There’s room for both private cryptocurrency and CBDC, says Standard Chartered CEO
Bill Winters believes that both privately owned cryptos and government-backed CBDCs have different roles to play in the future of finance.
Thu, 10 Dec 2020, 09:51 am UTC
The crypto sector has gained the attention of investors worldwide with Bitcoin’s (BTC) recent rally past $19,000 before its current correction. Regardless of which way the token’s price moves from there, the CEO of one of the world’s largest financial institutions is convinced that cryptocurrency adoption is inevitable and that there is room for both CBDC and privately owned cryptos.
Bill Winters, the CEO of Standard Chartered, expressed his views on the rising usage of cryptocurrency in international payments. Speaking at the Singapore FinTech Festival, Winters said that mainstream adoption of digital currencies is “absolutely inevitable,” according to CNBC.
The Standard Chartered CEO expressed optimism not only for central bank digital currencies (CBDC) but also for cryptocurrencies issued and owned by private entities. ”I think there is absolutely a role for central bank digital currencies as well as non-central bank-sponsored digital currencies,” Winters said on Monday, December 7.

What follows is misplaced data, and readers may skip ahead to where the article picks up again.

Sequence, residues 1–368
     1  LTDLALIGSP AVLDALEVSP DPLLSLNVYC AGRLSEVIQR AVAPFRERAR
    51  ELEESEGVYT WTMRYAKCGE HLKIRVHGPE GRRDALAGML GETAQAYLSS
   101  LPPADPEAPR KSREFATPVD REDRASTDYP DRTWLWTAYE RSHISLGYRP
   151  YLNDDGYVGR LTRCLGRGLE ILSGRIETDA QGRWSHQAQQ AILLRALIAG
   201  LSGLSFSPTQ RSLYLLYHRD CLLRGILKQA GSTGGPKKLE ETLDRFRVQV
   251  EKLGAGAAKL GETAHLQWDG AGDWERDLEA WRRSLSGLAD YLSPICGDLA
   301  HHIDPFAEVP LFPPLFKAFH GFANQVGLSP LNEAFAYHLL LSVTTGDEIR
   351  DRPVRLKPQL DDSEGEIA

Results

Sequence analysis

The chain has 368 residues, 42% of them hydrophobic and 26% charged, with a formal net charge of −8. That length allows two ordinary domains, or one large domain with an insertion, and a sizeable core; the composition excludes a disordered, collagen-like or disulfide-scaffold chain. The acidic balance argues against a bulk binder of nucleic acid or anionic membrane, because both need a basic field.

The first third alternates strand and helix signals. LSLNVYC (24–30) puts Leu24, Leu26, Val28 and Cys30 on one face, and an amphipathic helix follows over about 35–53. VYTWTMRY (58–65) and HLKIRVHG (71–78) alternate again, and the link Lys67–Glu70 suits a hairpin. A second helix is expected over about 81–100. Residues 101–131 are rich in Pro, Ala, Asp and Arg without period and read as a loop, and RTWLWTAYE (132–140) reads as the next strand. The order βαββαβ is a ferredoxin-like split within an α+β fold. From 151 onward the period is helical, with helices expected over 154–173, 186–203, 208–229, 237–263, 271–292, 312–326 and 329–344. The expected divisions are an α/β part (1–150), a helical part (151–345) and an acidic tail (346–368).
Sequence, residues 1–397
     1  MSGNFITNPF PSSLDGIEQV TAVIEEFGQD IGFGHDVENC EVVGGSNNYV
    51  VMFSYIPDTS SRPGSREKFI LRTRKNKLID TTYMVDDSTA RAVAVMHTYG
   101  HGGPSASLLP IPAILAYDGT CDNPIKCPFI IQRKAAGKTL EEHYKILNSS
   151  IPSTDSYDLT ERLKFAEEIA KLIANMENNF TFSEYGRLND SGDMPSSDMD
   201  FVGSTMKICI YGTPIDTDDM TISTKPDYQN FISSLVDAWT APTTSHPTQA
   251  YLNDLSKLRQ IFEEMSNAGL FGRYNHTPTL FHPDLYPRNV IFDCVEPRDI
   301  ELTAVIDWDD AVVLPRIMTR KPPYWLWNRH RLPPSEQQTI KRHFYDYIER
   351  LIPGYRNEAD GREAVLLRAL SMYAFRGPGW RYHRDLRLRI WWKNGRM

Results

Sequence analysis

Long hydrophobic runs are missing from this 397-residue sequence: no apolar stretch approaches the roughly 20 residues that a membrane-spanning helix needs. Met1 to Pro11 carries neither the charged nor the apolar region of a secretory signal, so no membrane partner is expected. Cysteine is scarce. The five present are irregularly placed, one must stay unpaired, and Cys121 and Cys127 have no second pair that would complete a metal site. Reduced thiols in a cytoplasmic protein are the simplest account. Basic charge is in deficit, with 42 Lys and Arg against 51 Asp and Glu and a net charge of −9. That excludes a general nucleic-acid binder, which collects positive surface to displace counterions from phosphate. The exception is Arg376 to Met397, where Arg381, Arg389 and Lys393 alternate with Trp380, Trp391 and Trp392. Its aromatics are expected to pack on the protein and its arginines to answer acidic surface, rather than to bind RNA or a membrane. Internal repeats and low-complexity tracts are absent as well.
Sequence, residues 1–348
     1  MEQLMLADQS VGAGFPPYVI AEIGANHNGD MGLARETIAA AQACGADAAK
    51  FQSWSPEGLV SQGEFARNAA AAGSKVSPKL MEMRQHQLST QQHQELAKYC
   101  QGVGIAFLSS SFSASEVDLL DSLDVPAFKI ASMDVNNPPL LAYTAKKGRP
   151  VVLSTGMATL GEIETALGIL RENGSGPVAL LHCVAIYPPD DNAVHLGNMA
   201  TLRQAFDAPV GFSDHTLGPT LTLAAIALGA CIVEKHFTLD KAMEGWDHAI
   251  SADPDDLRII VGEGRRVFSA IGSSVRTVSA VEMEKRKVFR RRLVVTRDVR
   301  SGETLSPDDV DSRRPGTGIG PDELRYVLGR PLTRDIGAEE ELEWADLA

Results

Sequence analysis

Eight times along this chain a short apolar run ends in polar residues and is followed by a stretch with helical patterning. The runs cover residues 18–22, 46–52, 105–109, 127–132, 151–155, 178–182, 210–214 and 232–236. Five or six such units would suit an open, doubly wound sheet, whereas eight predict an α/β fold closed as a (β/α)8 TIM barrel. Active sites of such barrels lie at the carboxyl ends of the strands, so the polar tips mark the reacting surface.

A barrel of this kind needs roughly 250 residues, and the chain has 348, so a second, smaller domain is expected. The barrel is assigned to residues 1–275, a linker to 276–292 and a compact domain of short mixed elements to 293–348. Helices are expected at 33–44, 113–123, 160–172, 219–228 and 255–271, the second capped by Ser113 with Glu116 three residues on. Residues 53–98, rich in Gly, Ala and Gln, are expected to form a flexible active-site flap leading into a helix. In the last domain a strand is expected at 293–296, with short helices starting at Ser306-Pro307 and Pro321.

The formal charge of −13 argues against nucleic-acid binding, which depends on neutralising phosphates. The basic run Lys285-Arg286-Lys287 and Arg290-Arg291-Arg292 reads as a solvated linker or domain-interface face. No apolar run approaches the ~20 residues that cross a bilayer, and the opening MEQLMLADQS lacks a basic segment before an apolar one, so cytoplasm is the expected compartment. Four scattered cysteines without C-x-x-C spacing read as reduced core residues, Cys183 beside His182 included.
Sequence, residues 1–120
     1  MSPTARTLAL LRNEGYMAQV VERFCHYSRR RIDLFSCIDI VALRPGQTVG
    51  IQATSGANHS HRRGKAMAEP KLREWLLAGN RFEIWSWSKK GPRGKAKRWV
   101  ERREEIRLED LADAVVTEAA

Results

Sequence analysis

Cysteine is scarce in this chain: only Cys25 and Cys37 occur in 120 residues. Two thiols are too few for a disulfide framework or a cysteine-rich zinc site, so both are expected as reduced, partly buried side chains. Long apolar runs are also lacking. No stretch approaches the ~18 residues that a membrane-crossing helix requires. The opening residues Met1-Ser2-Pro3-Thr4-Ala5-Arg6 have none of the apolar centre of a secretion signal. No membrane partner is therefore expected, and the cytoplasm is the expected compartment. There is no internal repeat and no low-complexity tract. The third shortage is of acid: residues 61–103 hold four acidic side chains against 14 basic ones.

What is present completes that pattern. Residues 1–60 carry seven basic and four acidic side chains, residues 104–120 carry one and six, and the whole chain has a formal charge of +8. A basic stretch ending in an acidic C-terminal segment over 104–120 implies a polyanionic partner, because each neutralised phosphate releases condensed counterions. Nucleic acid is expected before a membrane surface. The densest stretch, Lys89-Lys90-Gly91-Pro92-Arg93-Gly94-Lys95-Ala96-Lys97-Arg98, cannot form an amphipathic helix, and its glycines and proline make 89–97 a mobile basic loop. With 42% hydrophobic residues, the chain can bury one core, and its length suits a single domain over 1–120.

He even hinted that Standard Chartered is about to take a plunge into the crypto space as well. The CEO added that his bank will soon announce some news “along these lines,” according to Bitcoin.com.
A few days after his comments, Standard Chartered announced its partnership with the asset servicing provider Northern Trust on Wednesday. The collaboration was formed to launch a crypto custodian service for institutional investors that will support Bitcoin (BTC), Ether (ETH), XRP, Litecoin (LTC), and Bitcoin Cash (BCH).
At the Fintech Festival, Winters said that there are also opportunities for new cryptocurrencies that specifically cater to niche segments. “The really interesting development for me is to have currencies that don’t match a currency in and of itself but are intended to capture either a superset of a subset,” the Standard Chartered CEO explained.
Digital currencies can be created for specific types of projects. For instance, a new token could be introduced for use in the trading in the voluntary carbon market, which will give people the confidence that financing for the project is “verified, standardized, [and] monitored.”
“Those sorts of applications for a digital currency, and creating a digital currency ecosystem, is something that can’t be replicated by a fiat currency, or, most likely, by a central bank digital currency any time soon,” Winters added.
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